“Biden’s biggest worry: Can democracy prove it is worth saving?”

Karen Tumulty at the Washington Post, here, is absolutely right to recognize the centrality of this theme in President Biden’s Jan. 6th speech. As I have been saying, eg here and here, President Biden has recognized the historic challenge that is the defining mission of his presidency is ‘winning the “battle between the utility of democracies in the 21st century and autocracies.”’ This is the way Tumulty puts it:

What really preoccupies the president, however, was summed up in a quieter passage that came near the end of the speech, one that didn’t get as much notice. If there is a sweeping premise that defines what Biden views as the greatest challenge of his presidency, it is that the United States must disprove a growing cynicism about democracy itself — not just in this country, but around the world. Amid deep political polarization and an undermining of norms, the processes have become so messy and fraught that people are losing faith that democratic systems are still capable of functioning and of delivering results….

The president returns to the subject often, not just in the context of the assaults on democratic norms and institutions that escalated during the Trump era but also as he argues for the passage of his ambitious domestic agenda. Last June, for instance, when bipartisan negotiators reached agreement on a framework for a roughly $1 trillion infrastructure package, he declared that it was about far more than roads and bridges and faster broadband: “This agreement signals to the world that we can function, deliver and do significant things. … It also signals to ourselves and to the world that American democracy can deliver.”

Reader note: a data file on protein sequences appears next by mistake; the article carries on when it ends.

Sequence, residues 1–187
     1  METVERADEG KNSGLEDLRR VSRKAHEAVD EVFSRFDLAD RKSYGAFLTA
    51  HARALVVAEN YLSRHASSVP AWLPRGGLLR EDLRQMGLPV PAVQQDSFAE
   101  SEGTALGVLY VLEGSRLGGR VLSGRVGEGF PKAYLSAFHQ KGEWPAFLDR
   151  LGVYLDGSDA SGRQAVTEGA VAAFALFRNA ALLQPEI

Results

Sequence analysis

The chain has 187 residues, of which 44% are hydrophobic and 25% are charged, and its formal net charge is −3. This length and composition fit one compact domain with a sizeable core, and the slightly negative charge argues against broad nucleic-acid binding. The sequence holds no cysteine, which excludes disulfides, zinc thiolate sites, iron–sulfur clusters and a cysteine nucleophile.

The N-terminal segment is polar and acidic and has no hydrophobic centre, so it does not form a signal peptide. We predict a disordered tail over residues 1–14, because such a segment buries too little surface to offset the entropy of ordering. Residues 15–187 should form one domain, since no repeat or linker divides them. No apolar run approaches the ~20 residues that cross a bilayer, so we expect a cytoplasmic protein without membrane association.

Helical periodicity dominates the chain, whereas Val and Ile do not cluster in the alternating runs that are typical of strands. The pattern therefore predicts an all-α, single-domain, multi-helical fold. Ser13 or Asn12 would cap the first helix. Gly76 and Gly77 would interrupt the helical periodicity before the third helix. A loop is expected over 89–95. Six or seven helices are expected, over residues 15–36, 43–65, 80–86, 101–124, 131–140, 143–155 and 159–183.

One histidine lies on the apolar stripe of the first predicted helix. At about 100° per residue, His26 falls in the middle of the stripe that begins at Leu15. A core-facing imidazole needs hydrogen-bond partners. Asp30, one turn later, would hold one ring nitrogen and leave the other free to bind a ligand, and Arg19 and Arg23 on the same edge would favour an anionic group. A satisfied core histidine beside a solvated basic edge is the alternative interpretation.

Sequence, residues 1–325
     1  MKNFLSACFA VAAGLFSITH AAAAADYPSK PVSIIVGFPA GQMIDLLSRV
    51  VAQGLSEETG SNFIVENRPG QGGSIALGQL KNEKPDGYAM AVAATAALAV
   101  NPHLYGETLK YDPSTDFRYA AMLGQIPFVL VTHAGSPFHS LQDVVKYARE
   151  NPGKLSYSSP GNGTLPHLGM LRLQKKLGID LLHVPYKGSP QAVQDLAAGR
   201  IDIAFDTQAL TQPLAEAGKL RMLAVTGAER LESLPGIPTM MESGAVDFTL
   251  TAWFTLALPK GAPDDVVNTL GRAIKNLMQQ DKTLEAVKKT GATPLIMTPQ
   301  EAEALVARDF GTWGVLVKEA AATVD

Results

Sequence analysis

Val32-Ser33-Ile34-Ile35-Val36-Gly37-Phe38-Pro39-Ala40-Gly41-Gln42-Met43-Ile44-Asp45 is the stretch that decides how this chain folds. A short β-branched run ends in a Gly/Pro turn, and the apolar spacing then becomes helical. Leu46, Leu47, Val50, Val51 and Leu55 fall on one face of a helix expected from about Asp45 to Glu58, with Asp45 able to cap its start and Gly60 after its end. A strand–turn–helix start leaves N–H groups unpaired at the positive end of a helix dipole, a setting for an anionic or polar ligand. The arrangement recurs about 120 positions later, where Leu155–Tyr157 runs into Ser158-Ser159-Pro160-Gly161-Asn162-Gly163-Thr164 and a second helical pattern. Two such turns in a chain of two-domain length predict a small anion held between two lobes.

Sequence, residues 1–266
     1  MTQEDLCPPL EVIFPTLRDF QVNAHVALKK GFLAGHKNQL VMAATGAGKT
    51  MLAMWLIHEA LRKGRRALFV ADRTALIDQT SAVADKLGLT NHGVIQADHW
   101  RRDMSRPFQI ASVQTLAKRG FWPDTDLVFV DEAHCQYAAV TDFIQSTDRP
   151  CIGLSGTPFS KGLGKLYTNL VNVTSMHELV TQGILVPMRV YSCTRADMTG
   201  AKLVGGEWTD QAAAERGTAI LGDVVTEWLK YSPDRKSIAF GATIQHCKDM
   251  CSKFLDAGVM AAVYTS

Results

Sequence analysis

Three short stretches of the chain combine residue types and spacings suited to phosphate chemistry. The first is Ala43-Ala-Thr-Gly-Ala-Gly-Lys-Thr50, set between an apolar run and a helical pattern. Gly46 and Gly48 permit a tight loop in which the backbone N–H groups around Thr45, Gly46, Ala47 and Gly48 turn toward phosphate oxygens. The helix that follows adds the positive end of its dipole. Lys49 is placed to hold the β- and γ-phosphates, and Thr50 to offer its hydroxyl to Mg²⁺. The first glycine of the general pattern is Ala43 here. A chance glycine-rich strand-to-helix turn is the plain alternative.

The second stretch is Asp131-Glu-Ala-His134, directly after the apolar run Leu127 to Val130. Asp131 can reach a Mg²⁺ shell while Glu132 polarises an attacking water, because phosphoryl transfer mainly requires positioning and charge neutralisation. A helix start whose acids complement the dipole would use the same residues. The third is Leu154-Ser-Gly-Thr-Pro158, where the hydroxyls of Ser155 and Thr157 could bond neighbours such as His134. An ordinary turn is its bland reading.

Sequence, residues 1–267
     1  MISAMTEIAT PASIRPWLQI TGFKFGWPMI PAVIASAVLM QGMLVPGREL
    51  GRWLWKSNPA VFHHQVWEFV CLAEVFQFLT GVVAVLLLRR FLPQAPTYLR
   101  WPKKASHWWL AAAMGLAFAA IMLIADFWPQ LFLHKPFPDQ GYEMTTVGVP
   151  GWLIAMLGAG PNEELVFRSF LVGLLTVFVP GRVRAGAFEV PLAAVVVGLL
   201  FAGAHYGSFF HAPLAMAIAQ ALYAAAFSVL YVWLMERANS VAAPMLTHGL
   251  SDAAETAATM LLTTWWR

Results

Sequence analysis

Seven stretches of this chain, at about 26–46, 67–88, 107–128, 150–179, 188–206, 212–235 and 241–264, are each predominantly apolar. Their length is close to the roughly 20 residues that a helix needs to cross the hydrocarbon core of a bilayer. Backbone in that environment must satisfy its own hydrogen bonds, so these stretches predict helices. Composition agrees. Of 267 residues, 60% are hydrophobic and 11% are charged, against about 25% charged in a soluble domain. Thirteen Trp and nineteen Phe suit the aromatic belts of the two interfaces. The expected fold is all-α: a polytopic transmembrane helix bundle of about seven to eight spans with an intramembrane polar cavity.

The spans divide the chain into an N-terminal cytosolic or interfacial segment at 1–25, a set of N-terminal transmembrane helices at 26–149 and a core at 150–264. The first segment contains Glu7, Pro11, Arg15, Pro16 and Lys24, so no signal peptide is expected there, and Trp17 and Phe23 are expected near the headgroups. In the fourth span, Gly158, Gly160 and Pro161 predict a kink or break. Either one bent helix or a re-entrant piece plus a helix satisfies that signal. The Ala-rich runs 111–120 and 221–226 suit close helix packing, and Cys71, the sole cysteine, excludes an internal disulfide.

He made much the same point in December as he opened a virtual gathering of representatives of more than 100 countries that the White House billed as a “Summit for Democracy.” Biden warned of “dissatisfaction of people all around the world with democratic governments that they feel are failing to deliver for their needs. In my view, this is the defining challenge of our time.”

It is also the defining challenge of the Biden presidency. Though Trump accelerated the crumbling of the guardrails that have protected democratic institutions — and so opened the way to the Jan. 6 attack — the problem did not begin with him. And while the system was strong enough to hold, the forces that have undermined it have not subsided. In marking the horrors of that day a year ago, Biden was right to remind us to keep our gaze high and our faces turned forward. The rest of the world is looking to this country as a test of whether democracy is worth salvaging.

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